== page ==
The same goes for the hideous cultural practice of ­female genital mutilation.

According to Australian Bureau of Statistics and UNICEF data, as many as 83,000 women and girls in Australia may have been subjected to FGM, a statistic that rests on the fact that a girl is most likely to be subject to this procedure if her mother has had FGM.

It is estimated that 5640 girls under 15 may be in danger and 1100 girls are born every year to women who have had FGM. The extrapolation was cited by Professor Gillian Triggs, the president of the Australian Human Rights Commission, in April 2016.

Professor Triggs and her ­organisation would be among the first to defend multiculturalism and just behind them would be Prime Minister Malcolm Turnbull.

Why not, it’s been a howling success across Europe, hasn’t it? Even the queen of multi-culti, Germany’s leaderene Angela Merkel, has been forced to admit the policy stinks.

Time our leaders did the same and dumped it.

SOURCE






Australian energy bills soar in shift from coal power stations

Electricity companies have begun hiking consumer prices around the country, blaming the closure of coal-fired generators and the increased cost of renewable energy for higher-than-predicted increases of more than $130 this year.

EnergyAustralia and AGL have increased electricity tariffs in Victoria by $135 and $132 on average for the year respectively — greatly exceeding state government modelling that concluded bills would rise by $27 to $100.

The Victorian price rises will flow from this week but the companies’ customers in other states, including South Australia and NSW, face a yet-to-be announced price rise in June.

Red Energy, the retailing arm of Snowy Hydro, informed customers in NSW its rates would increase this week because of “increases in the wholesale cost of electricity and the large-scale renewable energy certificates”.

Some tariffs were raised by almost 25 per cent.

The consumer price rises will increase political pressure on state and federal governments to deal with escalating energy costs that have sparked business warnings that rising power charges are undermining competitiveness.

The Australian Energy Council has warned the impact will be greatest in Victoria and South Australia, which face the biggest wholesale price increases.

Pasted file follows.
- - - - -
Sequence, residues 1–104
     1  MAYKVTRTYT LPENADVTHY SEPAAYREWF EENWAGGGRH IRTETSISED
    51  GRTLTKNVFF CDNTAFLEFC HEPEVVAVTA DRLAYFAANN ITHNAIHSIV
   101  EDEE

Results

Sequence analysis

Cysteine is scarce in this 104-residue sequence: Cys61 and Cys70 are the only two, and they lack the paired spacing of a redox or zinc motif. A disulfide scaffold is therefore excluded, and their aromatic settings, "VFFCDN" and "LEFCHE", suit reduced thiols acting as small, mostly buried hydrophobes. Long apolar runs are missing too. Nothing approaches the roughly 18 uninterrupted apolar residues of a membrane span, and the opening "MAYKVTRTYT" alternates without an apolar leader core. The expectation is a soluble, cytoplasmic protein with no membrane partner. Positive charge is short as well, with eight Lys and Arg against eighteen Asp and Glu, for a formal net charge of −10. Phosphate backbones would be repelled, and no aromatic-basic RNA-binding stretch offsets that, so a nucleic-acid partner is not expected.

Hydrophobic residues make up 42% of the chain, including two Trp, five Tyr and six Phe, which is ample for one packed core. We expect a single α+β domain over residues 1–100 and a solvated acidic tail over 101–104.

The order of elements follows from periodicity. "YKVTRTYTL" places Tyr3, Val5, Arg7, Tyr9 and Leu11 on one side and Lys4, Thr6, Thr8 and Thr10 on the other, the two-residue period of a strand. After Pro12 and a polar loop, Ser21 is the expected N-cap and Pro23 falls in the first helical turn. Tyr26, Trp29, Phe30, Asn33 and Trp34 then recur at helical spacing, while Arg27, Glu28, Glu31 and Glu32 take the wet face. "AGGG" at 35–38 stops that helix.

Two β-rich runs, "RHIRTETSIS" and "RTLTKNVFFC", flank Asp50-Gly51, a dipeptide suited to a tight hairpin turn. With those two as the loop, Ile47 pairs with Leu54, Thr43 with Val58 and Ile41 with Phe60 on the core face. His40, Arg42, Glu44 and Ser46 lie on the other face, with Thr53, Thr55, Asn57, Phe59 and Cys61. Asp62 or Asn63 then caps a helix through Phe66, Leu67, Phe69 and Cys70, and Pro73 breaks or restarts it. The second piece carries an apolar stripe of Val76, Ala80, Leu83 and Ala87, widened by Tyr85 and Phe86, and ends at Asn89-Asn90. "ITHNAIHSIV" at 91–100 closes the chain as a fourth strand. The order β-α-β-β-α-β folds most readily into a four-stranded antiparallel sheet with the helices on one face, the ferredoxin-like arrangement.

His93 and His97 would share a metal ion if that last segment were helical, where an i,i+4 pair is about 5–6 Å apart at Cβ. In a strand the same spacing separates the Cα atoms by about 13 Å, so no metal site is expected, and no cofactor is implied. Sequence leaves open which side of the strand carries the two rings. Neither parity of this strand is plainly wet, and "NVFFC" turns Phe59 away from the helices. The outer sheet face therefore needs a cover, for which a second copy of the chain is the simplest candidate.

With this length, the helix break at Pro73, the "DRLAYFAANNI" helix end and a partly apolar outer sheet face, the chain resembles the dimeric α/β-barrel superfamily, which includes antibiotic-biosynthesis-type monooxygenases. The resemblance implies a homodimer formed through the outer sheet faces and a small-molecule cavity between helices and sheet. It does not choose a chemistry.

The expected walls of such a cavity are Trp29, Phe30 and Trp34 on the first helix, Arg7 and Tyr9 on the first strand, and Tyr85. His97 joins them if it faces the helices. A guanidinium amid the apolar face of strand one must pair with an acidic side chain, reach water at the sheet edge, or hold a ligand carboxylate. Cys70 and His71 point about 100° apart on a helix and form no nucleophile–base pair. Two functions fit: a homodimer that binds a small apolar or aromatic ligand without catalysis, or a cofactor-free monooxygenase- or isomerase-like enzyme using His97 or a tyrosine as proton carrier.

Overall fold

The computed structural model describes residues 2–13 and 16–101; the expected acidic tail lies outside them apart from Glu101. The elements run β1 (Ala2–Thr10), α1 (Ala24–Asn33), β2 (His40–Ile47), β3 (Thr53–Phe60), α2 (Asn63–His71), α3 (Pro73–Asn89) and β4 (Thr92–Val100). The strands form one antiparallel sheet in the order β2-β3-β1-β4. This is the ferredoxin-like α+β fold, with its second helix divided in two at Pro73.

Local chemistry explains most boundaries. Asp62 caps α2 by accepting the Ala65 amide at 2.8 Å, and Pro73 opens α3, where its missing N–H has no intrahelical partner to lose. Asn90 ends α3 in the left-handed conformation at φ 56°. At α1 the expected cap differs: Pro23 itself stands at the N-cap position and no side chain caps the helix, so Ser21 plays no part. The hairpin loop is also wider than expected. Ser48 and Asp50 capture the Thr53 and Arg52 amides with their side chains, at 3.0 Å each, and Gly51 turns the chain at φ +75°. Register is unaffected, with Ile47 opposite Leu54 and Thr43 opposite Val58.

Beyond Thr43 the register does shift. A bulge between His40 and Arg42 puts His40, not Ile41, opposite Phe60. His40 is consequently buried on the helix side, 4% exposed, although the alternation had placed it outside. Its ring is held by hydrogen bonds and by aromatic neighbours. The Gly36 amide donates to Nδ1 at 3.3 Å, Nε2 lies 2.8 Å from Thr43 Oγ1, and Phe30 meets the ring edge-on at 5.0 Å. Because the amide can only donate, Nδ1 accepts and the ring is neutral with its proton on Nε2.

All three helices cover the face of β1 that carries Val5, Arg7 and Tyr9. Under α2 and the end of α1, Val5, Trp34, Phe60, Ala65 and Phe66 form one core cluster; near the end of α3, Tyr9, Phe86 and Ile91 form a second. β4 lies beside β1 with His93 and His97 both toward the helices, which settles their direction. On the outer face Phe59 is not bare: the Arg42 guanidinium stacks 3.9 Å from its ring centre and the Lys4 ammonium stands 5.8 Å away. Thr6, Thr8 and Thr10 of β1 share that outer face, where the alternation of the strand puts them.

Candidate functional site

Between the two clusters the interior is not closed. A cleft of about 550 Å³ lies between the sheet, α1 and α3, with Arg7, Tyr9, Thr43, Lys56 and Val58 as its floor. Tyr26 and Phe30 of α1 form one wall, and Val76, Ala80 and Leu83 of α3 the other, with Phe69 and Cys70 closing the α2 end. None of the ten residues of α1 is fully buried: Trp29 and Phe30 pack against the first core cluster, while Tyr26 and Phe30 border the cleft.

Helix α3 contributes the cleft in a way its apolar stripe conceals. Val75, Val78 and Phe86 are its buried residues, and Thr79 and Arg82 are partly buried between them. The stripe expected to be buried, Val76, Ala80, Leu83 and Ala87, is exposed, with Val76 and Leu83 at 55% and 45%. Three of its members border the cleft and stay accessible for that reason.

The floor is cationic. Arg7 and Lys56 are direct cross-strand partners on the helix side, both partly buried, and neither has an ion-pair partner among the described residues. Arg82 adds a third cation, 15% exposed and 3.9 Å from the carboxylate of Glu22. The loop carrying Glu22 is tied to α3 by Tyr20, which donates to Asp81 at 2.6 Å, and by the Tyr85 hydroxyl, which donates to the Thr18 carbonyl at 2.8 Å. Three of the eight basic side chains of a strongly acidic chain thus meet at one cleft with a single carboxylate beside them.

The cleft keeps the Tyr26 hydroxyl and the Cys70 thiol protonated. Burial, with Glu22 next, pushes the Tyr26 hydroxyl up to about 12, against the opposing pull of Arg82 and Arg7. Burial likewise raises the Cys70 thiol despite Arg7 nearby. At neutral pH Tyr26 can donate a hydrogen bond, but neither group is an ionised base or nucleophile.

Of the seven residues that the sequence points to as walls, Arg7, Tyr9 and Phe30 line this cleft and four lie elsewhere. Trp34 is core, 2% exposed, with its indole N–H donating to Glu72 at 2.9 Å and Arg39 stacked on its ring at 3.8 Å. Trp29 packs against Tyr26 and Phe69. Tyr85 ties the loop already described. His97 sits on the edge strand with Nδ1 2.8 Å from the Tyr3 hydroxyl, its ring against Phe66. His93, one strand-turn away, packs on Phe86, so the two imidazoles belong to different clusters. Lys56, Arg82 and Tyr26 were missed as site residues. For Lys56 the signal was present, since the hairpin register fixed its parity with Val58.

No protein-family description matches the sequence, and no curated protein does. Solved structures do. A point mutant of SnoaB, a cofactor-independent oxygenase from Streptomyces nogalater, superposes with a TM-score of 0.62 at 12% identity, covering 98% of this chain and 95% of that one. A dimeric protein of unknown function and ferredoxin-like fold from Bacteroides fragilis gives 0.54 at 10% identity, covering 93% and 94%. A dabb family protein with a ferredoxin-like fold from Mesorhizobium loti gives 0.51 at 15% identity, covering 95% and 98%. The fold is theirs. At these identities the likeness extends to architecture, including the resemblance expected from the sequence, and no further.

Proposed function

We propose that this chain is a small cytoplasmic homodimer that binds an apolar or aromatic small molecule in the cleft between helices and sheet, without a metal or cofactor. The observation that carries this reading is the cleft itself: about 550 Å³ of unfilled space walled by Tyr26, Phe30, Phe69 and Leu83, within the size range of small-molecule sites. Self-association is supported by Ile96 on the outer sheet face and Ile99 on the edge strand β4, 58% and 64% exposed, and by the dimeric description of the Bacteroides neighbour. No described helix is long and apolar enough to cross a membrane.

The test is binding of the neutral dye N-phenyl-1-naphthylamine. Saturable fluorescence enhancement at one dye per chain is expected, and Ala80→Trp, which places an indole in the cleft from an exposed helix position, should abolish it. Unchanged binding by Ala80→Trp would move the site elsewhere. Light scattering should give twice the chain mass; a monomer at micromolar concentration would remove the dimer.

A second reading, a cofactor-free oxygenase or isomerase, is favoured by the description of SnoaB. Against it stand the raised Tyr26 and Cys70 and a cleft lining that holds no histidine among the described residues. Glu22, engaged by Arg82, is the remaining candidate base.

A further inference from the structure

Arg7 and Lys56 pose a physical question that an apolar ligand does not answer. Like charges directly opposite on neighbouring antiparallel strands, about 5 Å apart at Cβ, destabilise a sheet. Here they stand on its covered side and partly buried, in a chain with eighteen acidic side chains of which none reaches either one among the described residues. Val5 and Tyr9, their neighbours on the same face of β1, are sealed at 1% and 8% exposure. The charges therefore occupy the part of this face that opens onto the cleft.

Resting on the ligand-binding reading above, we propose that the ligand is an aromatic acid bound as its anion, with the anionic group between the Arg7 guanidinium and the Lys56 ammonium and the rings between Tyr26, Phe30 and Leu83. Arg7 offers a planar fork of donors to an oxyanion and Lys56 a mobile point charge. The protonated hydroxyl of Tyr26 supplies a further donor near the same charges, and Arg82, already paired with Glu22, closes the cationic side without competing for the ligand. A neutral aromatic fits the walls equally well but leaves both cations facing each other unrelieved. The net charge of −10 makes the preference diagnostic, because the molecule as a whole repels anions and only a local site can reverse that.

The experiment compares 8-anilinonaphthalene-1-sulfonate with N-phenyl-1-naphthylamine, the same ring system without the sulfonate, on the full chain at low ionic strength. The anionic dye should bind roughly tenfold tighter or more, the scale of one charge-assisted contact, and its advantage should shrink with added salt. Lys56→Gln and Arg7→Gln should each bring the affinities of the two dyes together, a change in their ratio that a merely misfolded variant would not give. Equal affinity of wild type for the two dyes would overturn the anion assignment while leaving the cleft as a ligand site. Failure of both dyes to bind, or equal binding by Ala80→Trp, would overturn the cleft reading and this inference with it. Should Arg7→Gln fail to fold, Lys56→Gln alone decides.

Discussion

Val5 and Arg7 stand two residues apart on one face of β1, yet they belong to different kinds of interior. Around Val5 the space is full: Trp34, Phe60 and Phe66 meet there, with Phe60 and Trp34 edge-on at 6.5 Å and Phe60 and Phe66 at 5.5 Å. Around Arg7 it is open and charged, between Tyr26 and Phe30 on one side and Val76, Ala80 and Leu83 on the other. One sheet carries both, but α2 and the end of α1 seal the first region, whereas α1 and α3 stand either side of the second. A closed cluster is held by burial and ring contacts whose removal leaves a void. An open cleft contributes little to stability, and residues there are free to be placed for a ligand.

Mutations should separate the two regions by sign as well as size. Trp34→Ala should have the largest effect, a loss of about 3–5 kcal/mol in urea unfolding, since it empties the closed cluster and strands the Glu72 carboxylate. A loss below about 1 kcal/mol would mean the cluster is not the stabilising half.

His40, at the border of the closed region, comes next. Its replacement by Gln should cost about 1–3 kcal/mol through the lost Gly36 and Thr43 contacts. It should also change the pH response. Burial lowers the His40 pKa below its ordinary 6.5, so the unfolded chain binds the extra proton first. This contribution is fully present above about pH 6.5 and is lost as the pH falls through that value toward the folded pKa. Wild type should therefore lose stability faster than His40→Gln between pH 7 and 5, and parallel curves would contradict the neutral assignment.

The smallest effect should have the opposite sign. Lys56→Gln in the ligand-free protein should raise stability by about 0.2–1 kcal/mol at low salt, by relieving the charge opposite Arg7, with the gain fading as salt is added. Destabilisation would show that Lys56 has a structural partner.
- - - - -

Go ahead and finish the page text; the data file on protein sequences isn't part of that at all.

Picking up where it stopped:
The South Australian government is under pressure over its heavy reliance on renewable energy, particularly with the closure of the Northern power station and blackouts sparked by severe storms. Queensland, which has a regulated market, is reviewing its energy tariffs with results expected by the middle of the year.

The Energy Council’s corporate affairs general manager, Sarah McNamara, said the Victorian wholesale price increases were a “byproduct of the reduction in the state’s generation capacity by around 20 per cent, a direct consequence of the upcoming closure of the Hazelwood power station in March”. The Energy Council, which represents major electricity and gas producers, has repeatedly called for a national strategy to deal with supply issues and price volatility as older power stations are retired and an increasing amount of large-scale renewable energy is made available.

An EnergyAustralia spokesman said the average $11 a month increase in Victoria reflected “higher generation, general business and government green-scheme costs”. In that state, there was an increase in the cost of buying electricity for 2017 from about $40 a megawatt hour in January to more than $60 a megawatt hour in November, he said.

“The closure of the Northern power station in South Australia, increased demand for gas by large LNG projects in Queensland, reliability issues and … the market’s reaction to the closure of Hazelwood were among the main factors,” he said.

AGL, through a spokesman, said residential electricity prices would rise by $2.59 a week, on average, or a 9.9 per cent increase, while small and medium-size businesses would see costs increase by 13.4 per cent.

Despite the higher charges, the closure of Hazelwood could boost earnings at AGL, which owns the Loy Yang A power station, by up to 10 per cent, according to analysts at investment bank JP Morgan. That analysis, released late last year, assumed the closure of Hazelwood would increase wholesale prices by 15 per cent in Victoria and 10 per cent in NSW.

Victorian coal generators will also face increased royalty costs this year, with the subsidy intended on making renewable energy more attractive rising to 22.8c a gigajoule for companies mining brown coal from 7.6c, netting the government about $250 million over four years.

The Minerals Council’s Victorian executive director, Gavin Lind, said the brown coal royalty increases introduced by the Andrews government were harmful and ignored the practicalities of the electricity market.

“The expected increase in electricity costs will hit Victorian businesses hard, especially the manufacturing sector where uncertain economic conditions are already placing the industry under strain,” he said. “The Victorian government seems intent on increasing the state’s dependence on expensive and part-time energy sources and committing Victorian households and industry to higher energy prices. It will pass the cost of the scheme on to electricity users via their energy bills. In so doing, it will subsidise uneconomic renewable energy projects while driving out affordable, reliable coal-fired energy.’’

A government spokesman defended the increase. “The royalty rate has not changed in a decade, and this will simply bring Victoria into line with the other states. We are ensuring Victorians get a fair return for the use of our state’s natural resources,” he said.